While millions of Pokemon Go fans out there are busy trying to "catch 'em all," the popular smartphone app is quietly snatching up a lot of personal data from their smartphones.
As CNET reports, blogger Adam Reeve discovered a gaping security issue after starting to play on his iPhone: if you sign up for Pokemon Go using your Google account on an iOS device, the app is granted full access to your Google account -- emails, photos, calendar, contacts Google Drive, browsing history and more (though not your Google Wallet payment system). The developer, Niantic, acknowledged "Pokemon Go gains unnecessary 'full access' to users' Google accounts on iOS and is actively issuing a fix."
An updated version of the app was released on the App Store on Tuesday, with the notation: "Fixed Google account scope."
Even aside from that iOS issue, Pokemon Go taps into a phone's GPS information to track players' locations -- that's how it superimposes digital Pokemon characters into their real-world environments.
As a result -- like other location-centric smartphone apps -- Pokemon Go gathers quite a lot of information about a user. From where you were before, to your current location, to the amount of time you spent in a given place, the geolocation data gleaned form the app is ultimately stored by developer Nianti.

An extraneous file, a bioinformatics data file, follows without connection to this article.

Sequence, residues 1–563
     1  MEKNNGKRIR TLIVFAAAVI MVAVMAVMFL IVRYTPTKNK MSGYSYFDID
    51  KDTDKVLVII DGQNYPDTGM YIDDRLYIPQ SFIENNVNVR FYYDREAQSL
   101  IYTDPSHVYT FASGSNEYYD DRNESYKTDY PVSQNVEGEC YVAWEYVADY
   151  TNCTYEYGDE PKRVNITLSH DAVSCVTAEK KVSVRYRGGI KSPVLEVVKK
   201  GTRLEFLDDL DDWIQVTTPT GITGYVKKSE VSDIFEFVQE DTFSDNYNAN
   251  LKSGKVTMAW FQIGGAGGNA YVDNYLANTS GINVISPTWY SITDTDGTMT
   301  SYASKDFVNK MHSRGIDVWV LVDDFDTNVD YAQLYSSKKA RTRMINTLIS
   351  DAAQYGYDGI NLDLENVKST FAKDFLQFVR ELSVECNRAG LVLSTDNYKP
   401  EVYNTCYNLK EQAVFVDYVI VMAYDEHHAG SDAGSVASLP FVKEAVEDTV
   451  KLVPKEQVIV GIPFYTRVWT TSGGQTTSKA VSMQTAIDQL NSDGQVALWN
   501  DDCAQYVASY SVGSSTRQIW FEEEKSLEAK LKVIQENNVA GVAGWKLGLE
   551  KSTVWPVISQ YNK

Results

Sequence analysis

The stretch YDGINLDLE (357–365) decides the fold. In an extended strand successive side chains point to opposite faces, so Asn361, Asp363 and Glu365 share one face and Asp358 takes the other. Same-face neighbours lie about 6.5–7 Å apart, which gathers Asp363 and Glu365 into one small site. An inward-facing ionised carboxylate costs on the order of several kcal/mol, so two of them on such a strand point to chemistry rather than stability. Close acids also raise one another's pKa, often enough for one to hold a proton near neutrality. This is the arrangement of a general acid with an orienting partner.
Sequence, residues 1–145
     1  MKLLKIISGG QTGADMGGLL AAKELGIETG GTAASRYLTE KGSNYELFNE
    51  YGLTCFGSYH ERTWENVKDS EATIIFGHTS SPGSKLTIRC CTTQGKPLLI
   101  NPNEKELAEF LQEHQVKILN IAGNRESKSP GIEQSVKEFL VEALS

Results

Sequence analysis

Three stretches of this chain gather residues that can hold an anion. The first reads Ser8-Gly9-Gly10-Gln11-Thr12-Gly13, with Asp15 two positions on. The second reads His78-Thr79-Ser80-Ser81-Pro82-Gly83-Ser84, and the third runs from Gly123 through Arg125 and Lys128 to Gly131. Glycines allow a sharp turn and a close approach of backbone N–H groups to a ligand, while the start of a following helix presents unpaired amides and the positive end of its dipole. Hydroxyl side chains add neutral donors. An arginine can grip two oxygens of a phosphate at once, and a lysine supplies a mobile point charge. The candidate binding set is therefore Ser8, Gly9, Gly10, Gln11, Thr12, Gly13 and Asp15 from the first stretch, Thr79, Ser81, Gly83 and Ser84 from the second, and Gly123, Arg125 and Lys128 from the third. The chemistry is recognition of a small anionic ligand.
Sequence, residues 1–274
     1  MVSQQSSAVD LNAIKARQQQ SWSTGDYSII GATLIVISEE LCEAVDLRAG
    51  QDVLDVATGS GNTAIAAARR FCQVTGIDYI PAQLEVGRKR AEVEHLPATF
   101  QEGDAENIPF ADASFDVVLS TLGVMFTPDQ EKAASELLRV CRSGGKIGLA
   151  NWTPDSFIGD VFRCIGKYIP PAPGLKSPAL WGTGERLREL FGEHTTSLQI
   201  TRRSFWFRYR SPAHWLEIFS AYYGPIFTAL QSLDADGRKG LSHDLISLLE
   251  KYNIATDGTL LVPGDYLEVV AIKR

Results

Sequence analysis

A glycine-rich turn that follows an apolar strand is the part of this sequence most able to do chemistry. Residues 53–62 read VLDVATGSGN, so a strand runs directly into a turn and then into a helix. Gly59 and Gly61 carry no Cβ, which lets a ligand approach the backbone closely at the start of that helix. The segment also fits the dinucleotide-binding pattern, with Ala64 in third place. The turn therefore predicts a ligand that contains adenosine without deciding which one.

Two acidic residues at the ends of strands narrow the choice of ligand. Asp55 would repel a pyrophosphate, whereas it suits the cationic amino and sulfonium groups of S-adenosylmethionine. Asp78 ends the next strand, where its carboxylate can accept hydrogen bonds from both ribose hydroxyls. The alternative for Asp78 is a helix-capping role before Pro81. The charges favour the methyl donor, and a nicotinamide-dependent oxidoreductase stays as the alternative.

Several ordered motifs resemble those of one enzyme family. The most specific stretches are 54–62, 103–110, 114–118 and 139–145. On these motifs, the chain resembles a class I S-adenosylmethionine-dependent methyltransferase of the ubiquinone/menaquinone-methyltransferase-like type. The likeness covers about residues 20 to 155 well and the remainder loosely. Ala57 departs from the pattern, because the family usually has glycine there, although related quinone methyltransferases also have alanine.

The company says it may also log the Internet Protocol (IP) address of the user's computer, the web page they visited before clicking on Pokemon Go, and what pages and search terms they used on the site, among other data.
This, of course, is nothing new, but many users don't stop to think about what personal information they're sharing when they sign up for a new app, game or digital service.
The Pokemon Go app has been a sensation since its July 6 debut, bringing in $9 million in its first week for video game giant Nintendo. The app has surpassed Tinder in Android downloads and currently No. 1 in Apple's App Store. It is free to download and play, but in-app purchases of "PokeCoins" can add up to a lot of real-world cash.
As with any app, users concerned about privacy and the data they might be sharing with third parties should always read the fine print.